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Biotech Science

One Variety of Sea Slugs Cuts Out the Energy Middleman 232

dragonturtle69 writes with this story, short on details but interesting: "These sea slugs, Elysia chlorotica, have evolved the ability to gain energy via photosynthesis. Forget about genetic modifications for sports enhancements. I want to be able to never need to eat again — or do I?"
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One Variety of Sea Slugs Cuts Out the Energy Middleman

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  • by bigattichouse ( 527527 ) on Wednesday January 13, 2010 @03:06PM (#30754316) Homepage

    That was my totally favorite upgrade in Mail Order Monsters - recharge from the sub!

  • eating (Score:5, Insightful)

    by mcgrew ( 92797 ) * on Wednesday January 13, 2010 @03:06PM (#30754320) Homepage Journal

    I want to be able to never need to eat again -- or do I?

    I'l like the ability to never HAVE to eat again, but I wouldn't want to lose the ability to eat at all. Eating is enjoyable. One would hope that you could control the photosynthesis to keep from getting too fat, though.

  • No you don't (Score:3, Insightful)

    by kiick ( 102190 ) on Wednesday January 13, 2010 @03:10PM (#30754368)

    As everybody knows....
    It's not easy being green.

  • Re:eating (Score:5, Insightful)

    by confused one ( 671304 ) on Wednesday January 13, 2010 @03:23PM (#30754618)
    Slugs aren't very energetic. It's doubtful that photosynthesis alone will provide the energy necessary to power your body and that meat based computer in your head. You would still need to ingest a fair amount of food, in order to extract the concentrated energy contained in it.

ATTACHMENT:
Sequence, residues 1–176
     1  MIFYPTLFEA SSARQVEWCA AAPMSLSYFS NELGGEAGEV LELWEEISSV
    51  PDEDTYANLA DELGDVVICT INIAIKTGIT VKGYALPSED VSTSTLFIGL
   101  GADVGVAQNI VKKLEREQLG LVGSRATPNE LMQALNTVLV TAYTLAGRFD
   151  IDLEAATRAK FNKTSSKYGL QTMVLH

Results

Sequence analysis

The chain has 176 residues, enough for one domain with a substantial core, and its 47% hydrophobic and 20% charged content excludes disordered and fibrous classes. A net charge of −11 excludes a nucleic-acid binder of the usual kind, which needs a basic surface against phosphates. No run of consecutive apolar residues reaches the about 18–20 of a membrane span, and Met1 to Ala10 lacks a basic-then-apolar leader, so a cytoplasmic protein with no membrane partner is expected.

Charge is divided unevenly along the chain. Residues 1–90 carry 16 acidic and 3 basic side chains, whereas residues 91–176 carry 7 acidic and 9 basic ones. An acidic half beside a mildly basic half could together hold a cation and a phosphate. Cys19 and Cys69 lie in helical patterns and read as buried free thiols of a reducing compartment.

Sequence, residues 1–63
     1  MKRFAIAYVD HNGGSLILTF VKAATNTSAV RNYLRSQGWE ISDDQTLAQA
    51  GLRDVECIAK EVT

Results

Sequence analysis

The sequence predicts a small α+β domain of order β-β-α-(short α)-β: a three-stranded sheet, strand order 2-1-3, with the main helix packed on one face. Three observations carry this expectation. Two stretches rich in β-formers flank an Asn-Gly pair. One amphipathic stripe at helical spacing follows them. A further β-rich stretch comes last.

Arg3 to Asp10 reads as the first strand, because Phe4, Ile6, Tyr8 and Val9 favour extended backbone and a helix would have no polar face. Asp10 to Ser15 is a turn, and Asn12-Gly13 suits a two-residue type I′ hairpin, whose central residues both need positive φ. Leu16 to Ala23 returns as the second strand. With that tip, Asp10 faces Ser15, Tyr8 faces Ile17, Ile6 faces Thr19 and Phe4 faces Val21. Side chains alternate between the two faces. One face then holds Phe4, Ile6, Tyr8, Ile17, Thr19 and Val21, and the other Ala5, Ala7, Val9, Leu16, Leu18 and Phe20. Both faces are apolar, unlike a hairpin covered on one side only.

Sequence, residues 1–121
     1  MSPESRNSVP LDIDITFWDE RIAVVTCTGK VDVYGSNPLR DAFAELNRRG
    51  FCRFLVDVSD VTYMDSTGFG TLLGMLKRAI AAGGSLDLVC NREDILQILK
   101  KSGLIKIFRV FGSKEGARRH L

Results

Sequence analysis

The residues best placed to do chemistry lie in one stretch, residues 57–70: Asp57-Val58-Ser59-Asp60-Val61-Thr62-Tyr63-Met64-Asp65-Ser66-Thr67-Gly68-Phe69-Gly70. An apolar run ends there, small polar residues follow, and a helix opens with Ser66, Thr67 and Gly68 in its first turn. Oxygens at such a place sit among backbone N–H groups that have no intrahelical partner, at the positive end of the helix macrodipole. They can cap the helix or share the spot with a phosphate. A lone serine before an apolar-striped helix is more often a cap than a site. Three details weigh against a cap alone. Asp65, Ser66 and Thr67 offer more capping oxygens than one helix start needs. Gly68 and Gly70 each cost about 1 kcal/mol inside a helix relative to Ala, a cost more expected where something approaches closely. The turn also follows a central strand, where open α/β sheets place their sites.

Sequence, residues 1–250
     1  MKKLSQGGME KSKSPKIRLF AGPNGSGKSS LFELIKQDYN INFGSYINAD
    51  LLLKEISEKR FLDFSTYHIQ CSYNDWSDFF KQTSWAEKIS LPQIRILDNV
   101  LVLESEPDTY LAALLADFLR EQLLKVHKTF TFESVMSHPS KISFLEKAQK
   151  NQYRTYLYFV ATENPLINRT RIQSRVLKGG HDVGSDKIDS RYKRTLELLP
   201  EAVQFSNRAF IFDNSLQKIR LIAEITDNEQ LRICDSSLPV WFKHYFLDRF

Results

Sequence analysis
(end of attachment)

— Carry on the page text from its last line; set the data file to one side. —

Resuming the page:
• by Anonymous Coward on Wednesday January 13, 2010 @03:31PM (#30754762)

    This might be used to supply a maintenance level of energy such that if your activity level was relatively low and in an environment where you could get enough sun and water, it might keep you alive until you can get to a better situation but I doubt it could supply enough energy to keep an athletic person performing at their peak level. For instance, I doubt we'd see someone be able to do the Tour de France on self supplied sugars.

    I could see some basement dwelling computer nerds trying this and setting up enough brights lights and such that the local police might think it was a grow-op in operation.

  • Re:eating (Score:5, Insightful)

    by clone53421 ( 1310749 ) on Wednesday January 13, 2010 @03:35PM (#30754806) Journal

    New rule: You’re only allowed to intentionally miss the point of a joke if the joke you’re making is funnier than the one you’re ignoring.

  • by jameskojiro ( 705701 ) on Wednesday January 13, 2010 @04:10PM (#30755342) Journal

    Especially in Third world countries where there is plenty of sun, not much food and not much to do other than subsistence living,. At least it would be enough to get a lot of starving humans through the dry famine months that they get in thrid world countries near the equator.

    Sure their skin would be green, but that beats starving to death.

  • Re:eating (Score:5, Insightful)

    by mea37 ( 1201159 ) on Wednesday January 13, 2010 @04:32PM (#30755686)

    The point I think you (and GP, and the submitter, and many others) are missing is, photosynthesis does not remove the need to eat. Energy isn't the only thing you get from food. If you had vitamin pills so effective that you could live on them, plus sugar, plus water - and nothing else - then you could replace the sugar with the ability to perform photosynthesis. Such pills do not exist.

    In case you're wondering, plants do indeed "eat". That's why they need roots in fertile soil.

  • by osu-neko ( 2604 ) on Wednesday January 13, 2010 @04:36PM (#30755746)

    Wouldn't that be a fluke that only needed to happen once?

    Calling it a "fluke" is not an explanation. The thing about scientists is, they like to find out how these "flukes" happen.

The intelligence of any discussion diminishes with the square of the number of participants. -- Adam Walinsky